Some scholars at George Mason University’s Mercatus Center have compiled an assessment of the personal and economic freedom enjoyed by residents of each state. Similar studies from Cato, Heritage, and other groups have ranked various nations based on their economic freedom, but this is the first ranking of the states.
As indicators of personal freedom, the Mercatus study considers such things as marijuana, alcohol, smoking, and similar laws. As indicators of economic freedom, the study considers such things as land-use regulation, regulation or deregulation of such industries as cable television, natural gas, telecommunications, and health insurance. Each of these indicators is assigned a score (e.g., 1 if the state has a smart-growth law, 0 if it does not), which is then weighted somehow against the other indicators. The economic and personal freedom indices each rely on close to 150 different indicators, many of which are themselves summaries of several other indicators.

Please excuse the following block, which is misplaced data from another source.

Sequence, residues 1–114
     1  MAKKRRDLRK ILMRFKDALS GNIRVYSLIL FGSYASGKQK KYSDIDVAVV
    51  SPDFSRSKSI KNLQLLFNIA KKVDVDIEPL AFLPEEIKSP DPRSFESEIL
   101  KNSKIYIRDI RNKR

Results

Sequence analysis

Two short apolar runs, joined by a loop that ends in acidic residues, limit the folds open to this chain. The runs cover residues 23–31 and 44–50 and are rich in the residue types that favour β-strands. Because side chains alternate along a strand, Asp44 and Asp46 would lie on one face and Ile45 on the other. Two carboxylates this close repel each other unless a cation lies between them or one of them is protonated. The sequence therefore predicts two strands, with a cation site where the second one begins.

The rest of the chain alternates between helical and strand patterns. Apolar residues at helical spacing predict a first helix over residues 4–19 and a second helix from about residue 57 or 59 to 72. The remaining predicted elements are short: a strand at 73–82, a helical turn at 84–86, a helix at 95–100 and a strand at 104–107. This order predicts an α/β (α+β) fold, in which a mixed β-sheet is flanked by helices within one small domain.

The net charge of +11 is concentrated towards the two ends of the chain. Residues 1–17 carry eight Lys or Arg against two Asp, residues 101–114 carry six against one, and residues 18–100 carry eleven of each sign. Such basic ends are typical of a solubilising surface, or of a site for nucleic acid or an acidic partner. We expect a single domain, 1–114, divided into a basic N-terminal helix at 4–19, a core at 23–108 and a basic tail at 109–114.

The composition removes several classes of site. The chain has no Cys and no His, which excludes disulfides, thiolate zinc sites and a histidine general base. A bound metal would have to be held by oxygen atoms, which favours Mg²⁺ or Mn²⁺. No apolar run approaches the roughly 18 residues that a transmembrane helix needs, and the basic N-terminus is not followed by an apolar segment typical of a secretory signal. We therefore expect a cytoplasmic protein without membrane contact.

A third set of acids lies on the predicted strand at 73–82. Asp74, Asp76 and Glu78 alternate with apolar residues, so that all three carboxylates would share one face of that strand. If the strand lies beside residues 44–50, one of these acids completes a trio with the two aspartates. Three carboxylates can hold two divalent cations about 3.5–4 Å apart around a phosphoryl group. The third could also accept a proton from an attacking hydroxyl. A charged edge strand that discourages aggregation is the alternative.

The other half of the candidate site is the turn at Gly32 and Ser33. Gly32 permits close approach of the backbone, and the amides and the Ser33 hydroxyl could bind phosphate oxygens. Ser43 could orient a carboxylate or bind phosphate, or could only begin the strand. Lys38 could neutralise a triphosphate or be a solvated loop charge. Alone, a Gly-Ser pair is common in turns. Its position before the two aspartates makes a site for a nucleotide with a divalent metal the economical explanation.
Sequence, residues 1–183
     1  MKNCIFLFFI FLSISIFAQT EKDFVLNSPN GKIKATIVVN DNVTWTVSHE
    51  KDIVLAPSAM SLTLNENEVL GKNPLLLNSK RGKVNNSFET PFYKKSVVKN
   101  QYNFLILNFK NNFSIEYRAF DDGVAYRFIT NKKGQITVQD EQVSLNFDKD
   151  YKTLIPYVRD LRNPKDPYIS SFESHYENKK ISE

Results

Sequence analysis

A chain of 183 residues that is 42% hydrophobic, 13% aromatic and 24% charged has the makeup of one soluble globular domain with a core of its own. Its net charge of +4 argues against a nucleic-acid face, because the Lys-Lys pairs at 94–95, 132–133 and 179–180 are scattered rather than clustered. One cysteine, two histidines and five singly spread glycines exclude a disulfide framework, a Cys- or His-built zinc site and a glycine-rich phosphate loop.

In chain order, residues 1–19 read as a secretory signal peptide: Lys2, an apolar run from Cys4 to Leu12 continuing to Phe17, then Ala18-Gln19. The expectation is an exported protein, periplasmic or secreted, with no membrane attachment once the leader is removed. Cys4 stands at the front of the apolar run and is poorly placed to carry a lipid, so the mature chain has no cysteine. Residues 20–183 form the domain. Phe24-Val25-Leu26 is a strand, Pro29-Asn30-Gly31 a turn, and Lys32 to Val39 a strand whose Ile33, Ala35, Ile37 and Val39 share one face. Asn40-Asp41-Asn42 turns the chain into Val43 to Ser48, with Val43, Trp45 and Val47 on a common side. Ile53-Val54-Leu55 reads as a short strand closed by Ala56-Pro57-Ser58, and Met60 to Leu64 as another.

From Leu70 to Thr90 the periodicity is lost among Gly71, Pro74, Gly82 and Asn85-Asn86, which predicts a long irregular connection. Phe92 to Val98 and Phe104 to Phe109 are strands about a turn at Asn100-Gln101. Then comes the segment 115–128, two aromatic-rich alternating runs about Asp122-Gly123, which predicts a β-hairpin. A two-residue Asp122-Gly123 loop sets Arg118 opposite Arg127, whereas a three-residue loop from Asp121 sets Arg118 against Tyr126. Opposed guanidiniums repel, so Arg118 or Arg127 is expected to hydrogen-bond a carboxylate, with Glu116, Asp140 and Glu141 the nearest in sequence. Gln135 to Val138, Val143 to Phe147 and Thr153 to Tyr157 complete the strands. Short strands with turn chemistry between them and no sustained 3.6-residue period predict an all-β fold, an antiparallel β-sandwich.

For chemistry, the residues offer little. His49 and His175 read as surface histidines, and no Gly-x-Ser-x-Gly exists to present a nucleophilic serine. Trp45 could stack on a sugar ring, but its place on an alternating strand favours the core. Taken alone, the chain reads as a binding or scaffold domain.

When the weighted results are totaled up, the personal freedom index ranges from about 0.40 (for South Dakota) to minus 0.59 (for New York), with positive meaning more free and negative less. The economic freedom index ranges from 0.27 (for Alaska) to minus 0.29 (for Maryland). When added together, New Hampshire has the most overall freedom (with a score of 0.43) and New York the least (with a score of minus 0.77).